After corruption, Phuentsholing, the country’s commercial hub is now becoming a hub for crime.

A Bhutanese woman was allegedly raped in the Indian border town of Phuentsholing last week. The suspect is reported to be still at large and the brouhaha that ensued online was not enough for authorities to take action. Earlier this month, two teachers allegedly threw a newborn out of a hotel window. What offended the teaching fraternity more was not the act of alleged murder but of the teachers’ image being tarnished.

We are getting better at getting our priorities wrong and this is happening at the cost of our women and children.

The alleged rape case in Jaigaon may have occurred in a foreign territory but that doesn’t relieve us of our responsibility to protect our women. Bhutanese live in Jaigoan, not out of choice but of compulsion. Our failure to address the acute housing crunch that has been plaguing Phuentsholing for years has today manifested in a sexual assault case, one that is perhaps not enough to get our authorities to comment on, let alone condemn and act on.

A Housing Needs Survey (HNS) done in 2014 found robbery and sexual harassment were the biggest issues Bhutanese living in Jaigaon faced. The survey found that income of more than 9,500 Bhutanese living in Jaigaon range between Nu 5,000 and Nu 10,000 while 23 percent earned less than Nu 5,000 a month. About 17 percent earn between Nu 10,000 and Nu 20,000. Only one percent earns more than Nu 20,000. Records with the Phuentsholing municipality however, show that there are today about 3,000 Bhutanese living across the border.

To what extent the number has declined due to measures taken to provide affordable housing in Phuentsholing is not yet known. In April 2016, the government had identified seven sites to construct affordable houses, about 400 units, in the next two years. Plans to build temporary houses were also announced. The National Housing Development Corporation was also involved in several projects.The two years is up and we still have few thousands living across the border.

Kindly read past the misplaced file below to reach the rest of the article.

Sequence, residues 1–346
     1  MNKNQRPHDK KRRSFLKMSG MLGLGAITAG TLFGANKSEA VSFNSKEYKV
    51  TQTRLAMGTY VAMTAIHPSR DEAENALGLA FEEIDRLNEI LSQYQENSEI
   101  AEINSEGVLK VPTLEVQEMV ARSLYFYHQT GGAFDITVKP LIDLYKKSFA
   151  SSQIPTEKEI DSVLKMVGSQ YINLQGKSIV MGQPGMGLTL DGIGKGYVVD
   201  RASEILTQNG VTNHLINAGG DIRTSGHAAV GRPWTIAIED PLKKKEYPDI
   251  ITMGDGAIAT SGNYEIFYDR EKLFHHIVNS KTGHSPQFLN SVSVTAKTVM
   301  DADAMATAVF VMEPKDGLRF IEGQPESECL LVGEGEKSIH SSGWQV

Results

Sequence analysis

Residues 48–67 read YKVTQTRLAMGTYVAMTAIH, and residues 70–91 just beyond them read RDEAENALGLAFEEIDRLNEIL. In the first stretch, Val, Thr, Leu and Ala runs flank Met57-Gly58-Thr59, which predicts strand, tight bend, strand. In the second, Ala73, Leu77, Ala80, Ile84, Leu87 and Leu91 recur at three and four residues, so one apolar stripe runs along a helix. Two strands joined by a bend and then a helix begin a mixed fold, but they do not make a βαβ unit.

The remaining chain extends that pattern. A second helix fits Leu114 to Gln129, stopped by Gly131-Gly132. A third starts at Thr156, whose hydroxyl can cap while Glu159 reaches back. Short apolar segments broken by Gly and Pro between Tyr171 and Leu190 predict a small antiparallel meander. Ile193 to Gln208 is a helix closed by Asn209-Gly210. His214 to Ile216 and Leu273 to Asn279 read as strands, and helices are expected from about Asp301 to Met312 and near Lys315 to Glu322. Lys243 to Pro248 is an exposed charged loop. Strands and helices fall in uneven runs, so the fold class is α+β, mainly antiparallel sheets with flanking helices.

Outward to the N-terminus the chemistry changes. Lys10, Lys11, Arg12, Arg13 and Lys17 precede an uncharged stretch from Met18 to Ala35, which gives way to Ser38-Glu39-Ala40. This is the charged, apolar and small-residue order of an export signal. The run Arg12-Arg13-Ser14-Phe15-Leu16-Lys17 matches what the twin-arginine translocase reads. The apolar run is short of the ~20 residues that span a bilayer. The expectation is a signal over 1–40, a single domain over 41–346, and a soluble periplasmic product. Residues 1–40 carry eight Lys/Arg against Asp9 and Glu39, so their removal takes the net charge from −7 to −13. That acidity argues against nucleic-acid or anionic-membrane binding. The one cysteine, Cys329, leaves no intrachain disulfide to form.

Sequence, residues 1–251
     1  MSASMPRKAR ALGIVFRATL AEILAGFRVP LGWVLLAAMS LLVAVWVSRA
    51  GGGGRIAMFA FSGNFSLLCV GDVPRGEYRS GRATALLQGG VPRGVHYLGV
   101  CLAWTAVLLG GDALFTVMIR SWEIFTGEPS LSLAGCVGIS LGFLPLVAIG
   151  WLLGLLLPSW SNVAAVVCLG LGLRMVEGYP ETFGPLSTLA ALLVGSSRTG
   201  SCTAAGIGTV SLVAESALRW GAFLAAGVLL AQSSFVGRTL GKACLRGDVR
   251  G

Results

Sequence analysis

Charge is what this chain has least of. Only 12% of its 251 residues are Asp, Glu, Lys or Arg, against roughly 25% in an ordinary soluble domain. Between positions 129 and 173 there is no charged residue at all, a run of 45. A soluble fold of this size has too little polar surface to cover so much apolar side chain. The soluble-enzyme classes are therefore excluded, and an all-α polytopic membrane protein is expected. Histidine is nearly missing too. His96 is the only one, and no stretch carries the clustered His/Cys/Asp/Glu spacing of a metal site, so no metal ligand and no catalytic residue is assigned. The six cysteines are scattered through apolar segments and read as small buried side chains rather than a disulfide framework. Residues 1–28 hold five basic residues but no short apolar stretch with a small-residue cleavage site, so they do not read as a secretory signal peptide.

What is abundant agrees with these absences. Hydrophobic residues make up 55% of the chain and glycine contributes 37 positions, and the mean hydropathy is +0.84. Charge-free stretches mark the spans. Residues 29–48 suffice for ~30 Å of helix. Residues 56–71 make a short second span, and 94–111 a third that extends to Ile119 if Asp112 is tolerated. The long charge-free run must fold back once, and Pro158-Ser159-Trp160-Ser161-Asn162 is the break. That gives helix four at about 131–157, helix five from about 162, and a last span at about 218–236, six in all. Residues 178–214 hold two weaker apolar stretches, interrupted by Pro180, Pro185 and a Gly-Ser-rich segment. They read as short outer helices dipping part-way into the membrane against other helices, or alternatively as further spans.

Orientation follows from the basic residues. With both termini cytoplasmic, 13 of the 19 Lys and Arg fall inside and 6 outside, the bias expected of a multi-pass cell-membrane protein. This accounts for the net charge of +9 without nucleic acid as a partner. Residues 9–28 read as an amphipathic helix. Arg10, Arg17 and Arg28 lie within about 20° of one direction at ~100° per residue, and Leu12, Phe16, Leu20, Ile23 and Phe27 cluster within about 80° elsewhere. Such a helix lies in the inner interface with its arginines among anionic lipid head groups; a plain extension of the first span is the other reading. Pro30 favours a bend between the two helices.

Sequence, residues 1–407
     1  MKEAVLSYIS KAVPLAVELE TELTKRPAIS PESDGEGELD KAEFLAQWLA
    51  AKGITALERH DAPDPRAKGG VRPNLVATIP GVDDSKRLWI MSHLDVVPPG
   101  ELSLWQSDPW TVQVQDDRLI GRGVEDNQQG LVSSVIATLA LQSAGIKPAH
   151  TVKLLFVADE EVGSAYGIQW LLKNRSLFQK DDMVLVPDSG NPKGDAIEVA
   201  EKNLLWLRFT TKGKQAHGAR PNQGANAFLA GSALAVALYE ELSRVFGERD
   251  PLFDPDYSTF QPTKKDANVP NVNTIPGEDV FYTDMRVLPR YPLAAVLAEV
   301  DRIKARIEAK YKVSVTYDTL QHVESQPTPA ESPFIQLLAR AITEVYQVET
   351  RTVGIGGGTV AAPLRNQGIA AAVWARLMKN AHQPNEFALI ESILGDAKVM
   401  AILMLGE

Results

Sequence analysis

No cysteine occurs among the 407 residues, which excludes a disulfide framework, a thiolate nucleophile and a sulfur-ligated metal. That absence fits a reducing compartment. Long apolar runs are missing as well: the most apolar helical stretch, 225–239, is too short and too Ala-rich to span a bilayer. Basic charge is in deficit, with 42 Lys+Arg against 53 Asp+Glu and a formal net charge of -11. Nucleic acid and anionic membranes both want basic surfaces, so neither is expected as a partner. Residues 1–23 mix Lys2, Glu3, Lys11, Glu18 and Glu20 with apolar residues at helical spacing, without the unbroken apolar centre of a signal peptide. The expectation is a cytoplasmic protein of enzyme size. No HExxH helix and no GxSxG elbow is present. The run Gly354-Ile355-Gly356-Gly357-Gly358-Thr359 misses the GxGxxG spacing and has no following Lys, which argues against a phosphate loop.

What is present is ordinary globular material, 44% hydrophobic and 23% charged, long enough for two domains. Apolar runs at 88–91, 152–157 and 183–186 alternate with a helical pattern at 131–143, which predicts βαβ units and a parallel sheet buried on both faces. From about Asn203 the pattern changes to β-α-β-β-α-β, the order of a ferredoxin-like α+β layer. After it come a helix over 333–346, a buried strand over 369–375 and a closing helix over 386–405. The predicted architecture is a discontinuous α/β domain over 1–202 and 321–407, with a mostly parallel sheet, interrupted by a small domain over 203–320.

Rapid urbanisation and population growth has created new housing challenges for Bhutan, especially in urban centres. Studies have found that the people’s inability to purchase one’s own home has resulted in heavy dependence on rental housing, which in turn has limited urban families’ ability to save and build equity in their home.

It is time this vicious circle of dependency and urban poverty is broken. The existing housing policy is not adequate to address the housing crunch, in Phuentsholing or Thimphu. The works and human settlement minister had announced to the graduates during the orientation that the ministry was drafting a new housing policy to solve the housing issues. When it was learnt that no new policy was drafted, the government said that it was reviewing the existing policy.

The government may be concerned of the chronic housing crunch in urban centres but this concern is futile if it doesn’t translate into policies and initiatives that bring about a change in the wellbeing of its people. If it fails to ensure the safety of women and children in a society, in its cities, the government and the country has not done better.